The Chicago Police Department placed Captain Herman Schuettler as the lead detective of the case. After questioning Adolph's employees, Schuettler learned that Louisa was last seen entering the sausage factory around 10:30 PM on May 1st but was never seen exiting the building. Investigators began searching around the factory for clues, focusing primarily on a 12 foot long, 5 foot high vat in the building's basement where meat was smoked. Poking around the vat, two gold rings were found, one which bore the initials L.L.. Soon after, bloodstains were found on the couple's bedroom door and fragments of skull were found in the factory smoke shaft.
Detective Schuettler suggested that Adolph strangled his wife, boiled her in the factory acid, and disposed of the remains in the smoke shaft. Further evidence that supported this theory was Adolph's suspicious purchase of some several hundred pounds of potash and arsenic, both chemicals which would aide in the decomposition process.
After two trials, Adolph was sentenced to life in prison where he continued to proclaim his innocence. Adolph often stated that his wife would return and he spent his later years babbling uncontrollably to himself up until his death. His defense attorney, Lawrence Harmon, was so moved by his client that he spent thousands of dollars of his own money searching for Louisa. Eventually his search drove him mad and he was committed to an asylum.
This story somewhat reminded me of both The Jungle and H.H. Holmes. Adolph Luetgert was considered the sausage king of the north side of the city and his factory resembled many of the factories in the Back of the Yards neighborhood of the meatpacking industry. Although Sinclair may have been exaggerating when he spoke of men falling into the vats, Louisa's death in the meat smoker vat was no made-up story. Luckily for the people of Chicago, Luetgert had closed his factory temporarily at the time and no meat was distributed. The meat factory also resembled Holmes' death palace mostly because of the dark, ominous presence it held within the neighborhood. I wonder, mostly because of Adolph's history of violence and womanizing, if maybe Louisa was not the first person he had murdered in his factory. Unfortunately, we will never know.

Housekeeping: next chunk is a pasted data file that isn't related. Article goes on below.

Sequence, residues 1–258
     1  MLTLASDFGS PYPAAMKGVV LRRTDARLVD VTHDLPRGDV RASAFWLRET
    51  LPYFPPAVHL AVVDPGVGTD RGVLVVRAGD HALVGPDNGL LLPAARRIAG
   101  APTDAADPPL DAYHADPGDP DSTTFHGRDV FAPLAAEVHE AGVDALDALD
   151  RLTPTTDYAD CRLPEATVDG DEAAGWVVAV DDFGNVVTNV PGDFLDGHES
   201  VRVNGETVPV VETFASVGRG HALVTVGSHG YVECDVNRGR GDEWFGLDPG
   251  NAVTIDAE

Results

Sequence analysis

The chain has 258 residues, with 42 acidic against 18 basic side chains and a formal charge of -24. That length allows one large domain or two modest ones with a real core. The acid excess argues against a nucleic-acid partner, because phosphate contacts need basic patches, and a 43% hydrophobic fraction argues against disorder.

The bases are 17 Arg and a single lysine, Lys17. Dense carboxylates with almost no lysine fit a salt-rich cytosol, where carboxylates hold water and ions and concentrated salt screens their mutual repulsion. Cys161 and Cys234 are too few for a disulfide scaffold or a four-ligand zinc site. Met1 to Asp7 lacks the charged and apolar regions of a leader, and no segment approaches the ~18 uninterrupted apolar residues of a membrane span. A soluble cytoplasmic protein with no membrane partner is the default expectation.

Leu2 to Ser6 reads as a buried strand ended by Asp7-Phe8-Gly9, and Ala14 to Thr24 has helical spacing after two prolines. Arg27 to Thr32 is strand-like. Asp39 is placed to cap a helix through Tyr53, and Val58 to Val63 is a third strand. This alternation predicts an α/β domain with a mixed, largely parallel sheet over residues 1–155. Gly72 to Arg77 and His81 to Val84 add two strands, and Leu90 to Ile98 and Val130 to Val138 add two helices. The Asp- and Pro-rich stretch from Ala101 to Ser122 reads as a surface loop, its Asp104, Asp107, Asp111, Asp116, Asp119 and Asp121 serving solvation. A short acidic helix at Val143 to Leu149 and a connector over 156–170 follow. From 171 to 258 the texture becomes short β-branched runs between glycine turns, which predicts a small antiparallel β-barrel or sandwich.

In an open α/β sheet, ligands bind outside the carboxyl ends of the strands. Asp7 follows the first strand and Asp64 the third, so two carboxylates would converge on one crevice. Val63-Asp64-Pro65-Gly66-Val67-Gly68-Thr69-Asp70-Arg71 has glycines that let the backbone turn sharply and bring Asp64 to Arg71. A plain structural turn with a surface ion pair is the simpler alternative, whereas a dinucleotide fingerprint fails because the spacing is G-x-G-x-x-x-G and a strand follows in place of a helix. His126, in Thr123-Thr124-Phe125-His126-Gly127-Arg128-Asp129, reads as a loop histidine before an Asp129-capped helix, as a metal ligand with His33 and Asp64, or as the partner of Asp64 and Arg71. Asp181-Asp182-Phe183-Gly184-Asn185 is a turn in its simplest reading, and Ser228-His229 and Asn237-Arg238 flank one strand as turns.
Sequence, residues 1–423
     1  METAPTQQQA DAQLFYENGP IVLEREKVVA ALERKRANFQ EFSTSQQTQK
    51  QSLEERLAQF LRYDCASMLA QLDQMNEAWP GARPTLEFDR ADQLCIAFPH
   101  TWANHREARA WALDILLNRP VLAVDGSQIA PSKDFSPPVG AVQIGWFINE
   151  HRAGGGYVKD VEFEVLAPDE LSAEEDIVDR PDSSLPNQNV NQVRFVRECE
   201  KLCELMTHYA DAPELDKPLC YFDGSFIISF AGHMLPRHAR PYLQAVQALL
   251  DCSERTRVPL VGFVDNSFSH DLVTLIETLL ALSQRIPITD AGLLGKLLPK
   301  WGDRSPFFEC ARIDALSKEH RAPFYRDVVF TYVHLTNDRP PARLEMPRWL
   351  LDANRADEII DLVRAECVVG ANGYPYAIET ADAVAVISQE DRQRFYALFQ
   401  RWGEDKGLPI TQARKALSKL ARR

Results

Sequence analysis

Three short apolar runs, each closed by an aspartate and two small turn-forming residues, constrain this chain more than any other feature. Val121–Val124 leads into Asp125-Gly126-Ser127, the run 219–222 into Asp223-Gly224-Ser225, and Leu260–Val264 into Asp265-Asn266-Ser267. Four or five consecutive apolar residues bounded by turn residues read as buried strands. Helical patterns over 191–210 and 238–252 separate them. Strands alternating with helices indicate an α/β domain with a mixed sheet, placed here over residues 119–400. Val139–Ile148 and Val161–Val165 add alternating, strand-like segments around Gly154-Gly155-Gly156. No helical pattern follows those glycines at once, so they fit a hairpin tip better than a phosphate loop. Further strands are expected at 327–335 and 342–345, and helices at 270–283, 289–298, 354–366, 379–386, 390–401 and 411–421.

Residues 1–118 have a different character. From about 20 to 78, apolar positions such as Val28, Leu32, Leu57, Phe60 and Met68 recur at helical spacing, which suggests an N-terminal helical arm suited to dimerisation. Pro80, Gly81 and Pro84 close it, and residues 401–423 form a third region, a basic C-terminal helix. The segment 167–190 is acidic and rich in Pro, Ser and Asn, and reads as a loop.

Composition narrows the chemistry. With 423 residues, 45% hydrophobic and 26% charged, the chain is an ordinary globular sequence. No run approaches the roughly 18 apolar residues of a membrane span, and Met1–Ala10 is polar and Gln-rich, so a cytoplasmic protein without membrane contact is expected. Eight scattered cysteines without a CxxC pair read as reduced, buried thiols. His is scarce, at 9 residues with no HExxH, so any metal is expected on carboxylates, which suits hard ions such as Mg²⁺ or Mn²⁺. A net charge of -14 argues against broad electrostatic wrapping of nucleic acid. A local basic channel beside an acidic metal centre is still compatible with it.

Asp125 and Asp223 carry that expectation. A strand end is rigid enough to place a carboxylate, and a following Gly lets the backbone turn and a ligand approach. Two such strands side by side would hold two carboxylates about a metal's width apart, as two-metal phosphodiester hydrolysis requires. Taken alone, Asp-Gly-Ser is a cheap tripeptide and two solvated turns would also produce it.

As for the presence of a ghost, the sausage factory was torn down eventually and the neighborhood itself is primarily covered in empty lots and dirty factory buildings. Some people say though that there have been sightings of Louisa roaming the sidewalks of the area...